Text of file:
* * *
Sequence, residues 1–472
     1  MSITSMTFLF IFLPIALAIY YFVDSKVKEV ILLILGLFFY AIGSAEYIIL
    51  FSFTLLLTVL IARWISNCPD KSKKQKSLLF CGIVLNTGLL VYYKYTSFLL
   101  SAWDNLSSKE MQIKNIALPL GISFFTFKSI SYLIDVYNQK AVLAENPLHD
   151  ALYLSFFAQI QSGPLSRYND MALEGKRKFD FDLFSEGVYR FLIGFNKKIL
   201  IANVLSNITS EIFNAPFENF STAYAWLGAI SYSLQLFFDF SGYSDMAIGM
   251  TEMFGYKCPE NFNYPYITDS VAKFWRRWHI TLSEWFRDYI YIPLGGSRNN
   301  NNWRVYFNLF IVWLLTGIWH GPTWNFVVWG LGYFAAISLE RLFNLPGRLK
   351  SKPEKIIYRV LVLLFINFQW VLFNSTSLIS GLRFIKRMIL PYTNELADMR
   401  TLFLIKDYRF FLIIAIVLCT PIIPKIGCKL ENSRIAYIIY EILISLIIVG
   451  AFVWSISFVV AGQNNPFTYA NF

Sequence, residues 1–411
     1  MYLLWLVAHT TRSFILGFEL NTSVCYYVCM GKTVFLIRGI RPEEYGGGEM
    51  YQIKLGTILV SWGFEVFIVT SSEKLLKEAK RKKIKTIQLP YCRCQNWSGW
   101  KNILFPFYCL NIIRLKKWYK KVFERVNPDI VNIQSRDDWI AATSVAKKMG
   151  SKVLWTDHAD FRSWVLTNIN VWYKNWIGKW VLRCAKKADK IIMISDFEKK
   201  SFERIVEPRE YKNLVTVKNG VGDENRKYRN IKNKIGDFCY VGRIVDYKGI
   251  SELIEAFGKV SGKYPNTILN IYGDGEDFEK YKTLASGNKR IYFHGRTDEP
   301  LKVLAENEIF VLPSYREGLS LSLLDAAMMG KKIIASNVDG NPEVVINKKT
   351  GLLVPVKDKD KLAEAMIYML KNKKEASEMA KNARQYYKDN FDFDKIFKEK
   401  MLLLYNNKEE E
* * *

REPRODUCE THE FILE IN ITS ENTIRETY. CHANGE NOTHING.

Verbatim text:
Sequence, residues 1–472
     1  MSITSMTFLF IFLPIALAIY YFVDSKVKEV ILLILGLFFY AIGSAEYIIL
    51  FSFTLLLTVL IARWISNCPD KSKKQKSLLF CGIVLNTGLL VYYKYTSFLL
   101  SAWDNLSSKE MQIKNIALPL GISFFTFKSI SYLIDVYNQK AVLAENPLHD
   151  ALYLSFFAQI QSGPLSRYND MALEGKRKFD FDLFSEGVYR FLIGFNKKIL
   201  IANVLSNITS EIFNAPFENF STAYAWLGAI SYSLQLFFDF SGYSDMAIGM
   251  TEMFGYKCPE NFNYPYITDS VAKFWRRWHI TLSEWFRDYI YIPLGGSRNN
   301  NNWRVYFNLF IVWLLTGIWH GPTWNFVVWG LGYFAAISLE RLFNLPGRLK
   351  SKPEKIIYRV LVLLFINFQW VLFNSTSLIS GLRFIKRMIL PYTNELADMR
   401  TLFLIKDYRF FLIIAIVLCT PIIPKIGCKL ENSRIAYIIY EILISLIIVG
   451  AFVWSISFVV AGQNNPFTYA NF

Sequence, residues 1–411
     1  MYLLWLVAHT TRSFILGFEL NTSVCYYVCM GKTVFLIRGI RPEEYGGGEM
    51  YQIKLGTILV SWGFEVFIVT SSEKLLKEAK RKKIKTIQLP YCRCQNWSGW
   101  KNILFPFYCL NIIRLKKWYK KVFERVNPDI VNIQSRDDWI AATSVAKKMG
   151  SKVLWTDHAD FRSWVLTNIN VWYKNWIGKW VLRCAKKADK IIMISDFEKK
   201  SFERIVEPRE YKNLVTVKNG VGDENRKYRN IKNKIGDFCY VGRIVDYKGI
   251  SELIEAFGKV SGKYPNTILN IYGDGEDFEK YKTLASGNKR IYFHGRTDEP
   301  LKVLAENEIF VLPSYREGLS LSLLDAAMMG KKIIASNVDG NPEVVINKKT
   351  GLLVPVKDKD KLAEAMIYML KNKKEASEMA KNARQYYKDN FDFDKIFKEK
   401  MLLLYNNKEE E